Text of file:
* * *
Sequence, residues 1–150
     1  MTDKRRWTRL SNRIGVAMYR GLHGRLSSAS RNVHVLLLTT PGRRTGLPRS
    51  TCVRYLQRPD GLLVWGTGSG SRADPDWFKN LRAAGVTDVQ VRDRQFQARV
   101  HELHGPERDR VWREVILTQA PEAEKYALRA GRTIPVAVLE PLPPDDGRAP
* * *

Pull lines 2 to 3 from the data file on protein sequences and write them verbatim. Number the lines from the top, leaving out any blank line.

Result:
     1  MTDKRRWTRL SNRIGVAMYR GLHGRLSSAS RNVHVLLLTT PGRRTGLPRS
    51  TCVRYLQRPD GLLVWGTGSG SRADPDWFKN LRAAGVTDVQ VRDRQFQARV